I do not want the hospital. Do not want treatment for having sat down after, for having sipped coffee after, and held on to the owner's hand.
A call home. Inbar dials the moment she thinks I can pull off a passable calm. My mother's secretary answers. Rita, who never says more than hello and "I'll get your mother." My phone calls precious because of the distance. As if I'm calling from the moon.
Today she is talking. Today Rita has something to share.
"Your mother is in her office crying. She don't say nothing to you, but that woman is miserable with you out in a war. Think about where you live, child. Think about your mom."
There is an element of struggle. Sex that night a matter of life and death. There is much scrambling for leverage and footing. Displays of body language that I've never known. We cling and dig in, as if striving for permanence, laboring for a union that won't come undone.
We laugh after. We cackle and roll around, reviewing technique and execution. Hysterical. Absurd. Perfect in its desperation. We make jokes at the expense of ourselves.
"No sex like near-death sex."
We light up a cigarette, naked, twisted up in the sheets. Again we would not recognize ourselves on TV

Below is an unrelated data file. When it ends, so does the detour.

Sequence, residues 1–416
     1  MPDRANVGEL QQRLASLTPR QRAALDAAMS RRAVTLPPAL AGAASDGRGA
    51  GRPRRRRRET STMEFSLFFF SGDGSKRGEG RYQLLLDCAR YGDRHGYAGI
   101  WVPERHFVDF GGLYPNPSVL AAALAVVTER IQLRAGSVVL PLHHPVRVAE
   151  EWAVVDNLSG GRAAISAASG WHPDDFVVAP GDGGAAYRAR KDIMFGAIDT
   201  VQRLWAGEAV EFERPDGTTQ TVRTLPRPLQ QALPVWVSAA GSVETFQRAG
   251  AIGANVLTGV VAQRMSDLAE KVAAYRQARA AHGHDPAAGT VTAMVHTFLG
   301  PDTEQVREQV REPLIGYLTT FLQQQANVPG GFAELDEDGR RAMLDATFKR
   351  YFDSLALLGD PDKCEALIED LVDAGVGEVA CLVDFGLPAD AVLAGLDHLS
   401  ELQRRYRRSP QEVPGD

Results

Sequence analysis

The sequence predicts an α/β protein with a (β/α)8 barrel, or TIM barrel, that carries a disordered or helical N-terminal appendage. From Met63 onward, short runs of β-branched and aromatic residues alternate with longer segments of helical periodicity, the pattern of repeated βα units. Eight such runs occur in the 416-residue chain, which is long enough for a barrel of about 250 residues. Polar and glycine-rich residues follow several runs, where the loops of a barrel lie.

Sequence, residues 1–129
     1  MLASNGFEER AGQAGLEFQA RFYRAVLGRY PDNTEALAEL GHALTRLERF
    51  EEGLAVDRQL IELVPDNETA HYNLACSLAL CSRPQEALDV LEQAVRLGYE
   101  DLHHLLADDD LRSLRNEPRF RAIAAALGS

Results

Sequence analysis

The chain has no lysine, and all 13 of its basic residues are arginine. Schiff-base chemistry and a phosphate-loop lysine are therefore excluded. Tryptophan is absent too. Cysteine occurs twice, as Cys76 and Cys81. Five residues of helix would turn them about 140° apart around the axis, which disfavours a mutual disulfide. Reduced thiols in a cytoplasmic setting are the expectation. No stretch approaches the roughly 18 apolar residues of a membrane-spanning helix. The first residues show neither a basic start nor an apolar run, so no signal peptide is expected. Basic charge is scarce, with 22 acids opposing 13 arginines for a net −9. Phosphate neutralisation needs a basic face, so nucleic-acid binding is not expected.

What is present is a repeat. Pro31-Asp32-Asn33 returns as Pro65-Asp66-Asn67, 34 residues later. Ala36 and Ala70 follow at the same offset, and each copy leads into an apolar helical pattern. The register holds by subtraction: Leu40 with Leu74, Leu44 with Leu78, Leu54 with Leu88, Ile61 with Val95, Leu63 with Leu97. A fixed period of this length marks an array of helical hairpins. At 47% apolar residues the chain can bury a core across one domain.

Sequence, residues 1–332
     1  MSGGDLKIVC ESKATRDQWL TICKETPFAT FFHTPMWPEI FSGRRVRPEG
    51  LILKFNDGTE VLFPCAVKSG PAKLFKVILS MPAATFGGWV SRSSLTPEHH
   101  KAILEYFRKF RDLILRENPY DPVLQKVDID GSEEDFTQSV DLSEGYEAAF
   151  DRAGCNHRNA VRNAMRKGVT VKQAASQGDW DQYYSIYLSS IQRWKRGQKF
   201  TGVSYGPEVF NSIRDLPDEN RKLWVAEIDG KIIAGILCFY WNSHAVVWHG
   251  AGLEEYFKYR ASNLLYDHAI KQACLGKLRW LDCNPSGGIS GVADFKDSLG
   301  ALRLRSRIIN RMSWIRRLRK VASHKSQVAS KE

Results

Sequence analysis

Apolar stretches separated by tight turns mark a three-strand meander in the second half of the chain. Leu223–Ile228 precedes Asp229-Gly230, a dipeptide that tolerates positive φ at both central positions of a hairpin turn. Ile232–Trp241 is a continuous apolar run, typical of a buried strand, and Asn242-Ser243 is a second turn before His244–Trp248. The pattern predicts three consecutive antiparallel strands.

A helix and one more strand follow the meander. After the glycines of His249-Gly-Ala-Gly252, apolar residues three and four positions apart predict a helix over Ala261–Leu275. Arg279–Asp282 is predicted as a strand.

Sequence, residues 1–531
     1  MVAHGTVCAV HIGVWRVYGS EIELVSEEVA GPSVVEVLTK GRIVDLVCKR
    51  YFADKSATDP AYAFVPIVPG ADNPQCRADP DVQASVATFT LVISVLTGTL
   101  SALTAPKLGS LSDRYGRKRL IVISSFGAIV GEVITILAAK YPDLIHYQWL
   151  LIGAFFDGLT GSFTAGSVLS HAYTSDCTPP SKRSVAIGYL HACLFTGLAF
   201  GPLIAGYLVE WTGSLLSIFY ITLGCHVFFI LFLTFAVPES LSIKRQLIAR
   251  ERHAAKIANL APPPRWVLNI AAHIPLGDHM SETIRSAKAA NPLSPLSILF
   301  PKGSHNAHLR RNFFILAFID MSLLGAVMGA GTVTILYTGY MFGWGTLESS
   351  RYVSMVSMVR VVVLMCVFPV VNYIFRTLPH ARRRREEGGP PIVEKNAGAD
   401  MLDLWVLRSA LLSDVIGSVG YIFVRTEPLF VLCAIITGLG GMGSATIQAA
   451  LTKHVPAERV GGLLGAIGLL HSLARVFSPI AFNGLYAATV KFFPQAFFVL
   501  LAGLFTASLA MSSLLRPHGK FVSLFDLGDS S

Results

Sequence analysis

Inbar has gone to work and invited Lynn over to make sure that I stay out of bed, that I go into town for coffee and sit at my café. Same time, same table, same cup, if I can manage it.
Nothing can be allowed to interrupt routine.
"Part of life here," Lynn says.
This is why Inbar invited her. She respects Lynn as an American with Israeli sensibilities. The hard-news photographer, moving in after every tragedy to shoot up what's left.
The peeper's peep, we call her. The voyeur's eye. Our Lynn, feeding the grumbling image-hungy bellies of America's commuter trains and breakfast nooks.
"A ghost," Lynn says. She is gloomy, but with a sportsman's muted excitement. "Peak invisibility. People moving right through me. I think I even went weightless at some point, pulled off impossible angles. Floated above the pack. My stuff is all over the wire this morning." She pops the top on a used film canister, tips its contents into her palm. "You've got to come out with me one day just for the experience. You can stand in the middle of a goddamn riot, people going down left and right. Arab kids tossing rocks, Molotov cocktails, Israelis firing back tear gas and rubber bullets. Chaos. And you move, you just slide right through it all like a fucking ghost, snatching up souls, freezing time. A boy in the air, his body arched, his face to the sky. He's lobbing back a gas canister, the smoke caught in a long snaking trail. Poetry. Yesterday, though. Yesterday was bad."